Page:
First, the older generations must remember our own Change Management tools and “take our own medicine.” We have to navigate our own change, using the very techniques we teach our clients. We must identify change champions, and without judgment, we must examine our strengths and our areas for improvement. We will plan to preserve what works, buttress what can wait, and develop short, intermediate, and longer-term plans for change. We must communicate, communicate, communicate and solicit feedback. Taking a page from our own playbook, we have to be unafraid to fall or fail and operate nimbly. We will collaborate and course correct whenever necessary. Remembering that change is constant will be key to success. Change is a continuous process, which cycles without ending. It’s all about incorporating lessons learned, pulsing the workforce, creating opportunities for involvement, and pacing change against the organization’s saturation point.
Next, we will all be aware, as there will be plenty of opportunities for all of us, from all age brackets, to learn from each other. That is the beauty of a diverse workforce: there are endless occasions to learn. We are seeing it already: to foster collaboration and continued development, firms have been reconfiguring office layouts for a more modern and open environment to promote teamwork and communication.
Talking is one way we discover shared experiences or skills, interests and aspirations, areas of improvement or where we can help support each other. Firms are also recognizing that their employees crave opportunities to learn new skills. To that end, organizations may choose to actively work and plan and shift team composition to offer both seasoned and eager, younger colleagues new work to develop fresh abilities. Assuring that these staff shifts will not impact client delivery, well-timed moves expose employees to colleagues with which they wouldn’t have otherwise worked. This small change helps build the critical bridges between generations and develop a workplace culture of the best of both worlds.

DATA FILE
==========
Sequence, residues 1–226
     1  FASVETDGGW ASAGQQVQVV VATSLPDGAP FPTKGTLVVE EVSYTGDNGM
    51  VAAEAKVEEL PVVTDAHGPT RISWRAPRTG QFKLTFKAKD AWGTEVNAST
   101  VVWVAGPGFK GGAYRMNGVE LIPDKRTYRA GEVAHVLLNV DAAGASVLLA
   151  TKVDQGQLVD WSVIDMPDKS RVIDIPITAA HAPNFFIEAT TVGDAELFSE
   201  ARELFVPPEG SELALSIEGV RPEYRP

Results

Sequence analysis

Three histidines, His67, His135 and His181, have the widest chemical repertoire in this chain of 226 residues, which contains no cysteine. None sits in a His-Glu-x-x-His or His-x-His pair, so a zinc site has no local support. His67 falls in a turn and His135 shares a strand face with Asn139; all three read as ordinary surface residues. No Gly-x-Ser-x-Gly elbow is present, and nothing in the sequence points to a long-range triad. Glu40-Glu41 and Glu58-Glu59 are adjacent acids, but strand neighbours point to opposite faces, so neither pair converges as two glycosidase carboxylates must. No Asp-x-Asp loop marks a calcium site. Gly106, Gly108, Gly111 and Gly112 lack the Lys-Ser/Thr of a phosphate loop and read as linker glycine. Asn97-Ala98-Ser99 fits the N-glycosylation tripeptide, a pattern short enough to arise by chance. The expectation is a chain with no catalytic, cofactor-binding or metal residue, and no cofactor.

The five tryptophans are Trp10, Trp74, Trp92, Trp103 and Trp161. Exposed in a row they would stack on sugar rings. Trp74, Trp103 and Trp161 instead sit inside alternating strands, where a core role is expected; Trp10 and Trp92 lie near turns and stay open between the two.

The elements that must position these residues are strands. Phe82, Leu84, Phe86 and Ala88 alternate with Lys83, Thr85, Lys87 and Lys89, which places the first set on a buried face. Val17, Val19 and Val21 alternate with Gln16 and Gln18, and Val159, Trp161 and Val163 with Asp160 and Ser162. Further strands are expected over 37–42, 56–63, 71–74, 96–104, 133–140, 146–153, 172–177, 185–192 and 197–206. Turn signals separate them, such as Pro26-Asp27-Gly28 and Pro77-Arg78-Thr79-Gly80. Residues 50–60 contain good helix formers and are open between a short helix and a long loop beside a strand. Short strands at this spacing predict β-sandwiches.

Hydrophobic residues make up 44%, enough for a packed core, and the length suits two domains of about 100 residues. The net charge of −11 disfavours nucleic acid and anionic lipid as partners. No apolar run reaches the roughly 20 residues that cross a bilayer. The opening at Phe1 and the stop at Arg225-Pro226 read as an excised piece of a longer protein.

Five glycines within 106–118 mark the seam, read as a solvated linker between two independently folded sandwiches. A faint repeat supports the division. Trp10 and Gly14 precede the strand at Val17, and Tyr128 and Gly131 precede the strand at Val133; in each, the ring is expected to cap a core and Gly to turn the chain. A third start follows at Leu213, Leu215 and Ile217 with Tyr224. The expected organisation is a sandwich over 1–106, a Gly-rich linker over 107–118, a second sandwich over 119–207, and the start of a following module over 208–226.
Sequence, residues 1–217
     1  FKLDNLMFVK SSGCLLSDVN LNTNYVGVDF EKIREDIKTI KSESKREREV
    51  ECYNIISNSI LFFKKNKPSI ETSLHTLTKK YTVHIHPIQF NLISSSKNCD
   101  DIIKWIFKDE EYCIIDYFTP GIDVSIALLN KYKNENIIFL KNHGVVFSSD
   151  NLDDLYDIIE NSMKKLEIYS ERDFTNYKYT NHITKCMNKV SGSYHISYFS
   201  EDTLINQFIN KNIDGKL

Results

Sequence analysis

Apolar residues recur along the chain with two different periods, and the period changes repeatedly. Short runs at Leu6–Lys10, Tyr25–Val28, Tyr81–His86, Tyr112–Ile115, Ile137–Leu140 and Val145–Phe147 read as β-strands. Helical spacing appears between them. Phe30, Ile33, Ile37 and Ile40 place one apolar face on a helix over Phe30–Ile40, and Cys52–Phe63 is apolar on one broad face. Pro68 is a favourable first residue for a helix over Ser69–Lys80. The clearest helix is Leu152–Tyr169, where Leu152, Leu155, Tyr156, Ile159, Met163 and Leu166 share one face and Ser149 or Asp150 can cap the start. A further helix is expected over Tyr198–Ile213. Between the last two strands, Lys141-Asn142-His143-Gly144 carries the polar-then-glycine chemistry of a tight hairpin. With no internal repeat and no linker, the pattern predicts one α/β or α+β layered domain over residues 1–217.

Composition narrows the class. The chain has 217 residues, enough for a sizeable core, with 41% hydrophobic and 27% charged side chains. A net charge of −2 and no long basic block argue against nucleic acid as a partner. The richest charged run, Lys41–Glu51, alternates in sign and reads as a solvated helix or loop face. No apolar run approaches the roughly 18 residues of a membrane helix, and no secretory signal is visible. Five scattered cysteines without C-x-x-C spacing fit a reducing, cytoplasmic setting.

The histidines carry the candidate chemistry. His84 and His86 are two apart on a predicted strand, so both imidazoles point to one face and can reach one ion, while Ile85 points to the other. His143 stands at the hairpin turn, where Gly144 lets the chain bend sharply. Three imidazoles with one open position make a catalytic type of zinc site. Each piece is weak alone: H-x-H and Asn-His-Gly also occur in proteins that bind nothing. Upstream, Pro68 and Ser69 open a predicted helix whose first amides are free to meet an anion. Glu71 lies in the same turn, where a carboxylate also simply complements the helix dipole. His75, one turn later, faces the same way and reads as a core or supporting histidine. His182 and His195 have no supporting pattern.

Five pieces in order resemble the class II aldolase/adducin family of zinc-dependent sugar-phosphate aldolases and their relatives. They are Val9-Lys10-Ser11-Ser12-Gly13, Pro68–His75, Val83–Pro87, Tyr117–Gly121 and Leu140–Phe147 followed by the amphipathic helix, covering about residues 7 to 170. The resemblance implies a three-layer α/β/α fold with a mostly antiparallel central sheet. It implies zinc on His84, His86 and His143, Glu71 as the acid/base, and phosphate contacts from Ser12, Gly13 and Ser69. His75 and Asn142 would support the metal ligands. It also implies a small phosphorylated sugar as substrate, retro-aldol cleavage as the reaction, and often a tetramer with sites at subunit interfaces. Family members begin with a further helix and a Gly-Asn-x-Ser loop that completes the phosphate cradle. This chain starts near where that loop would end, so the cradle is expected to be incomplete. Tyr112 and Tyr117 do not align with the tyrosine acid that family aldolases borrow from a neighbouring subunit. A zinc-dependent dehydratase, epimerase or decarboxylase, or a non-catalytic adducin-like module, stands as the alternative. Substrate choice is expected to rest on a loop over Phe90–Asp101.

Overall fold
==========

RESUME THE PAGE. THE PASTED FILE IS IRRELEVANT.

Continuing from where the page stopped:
And finally, all generations must remember that there will be teachable moments as well as moments of coaching and correction – on both sides. Millennials should be prepared for both guidance and policies, the former of which are likely recommendation and the latter absolutes. Boomers and Gen-Xers must be mindful to avoid the “but we’ve always done it this way” trap; there is much that can be learned from younger colleagues about communication, creative problem solving, and thinking outside the box. The older generations will provide the space for Millennial colleagues to test their wings and to know their contributions are meaningful. The younger generation will have to be patient with Boomer and Gen-Xers stories and what may seem to be laborious processes; there is value in the experience and the way work has been done.
The workplace has become a Culture of Continuous Change and is welcoming the generation that was taught if they believed they can, they will. Let’s give them the room to try, and let’s be there to offer support, experiential advice, and course correct when needed. Together, by adapting to change and working through the process, we will deliver future-looking, unique, and innovative services and solutions to our clients.
By Amanda Tate, Senior Manager
Business is only as successful as its ability to adapt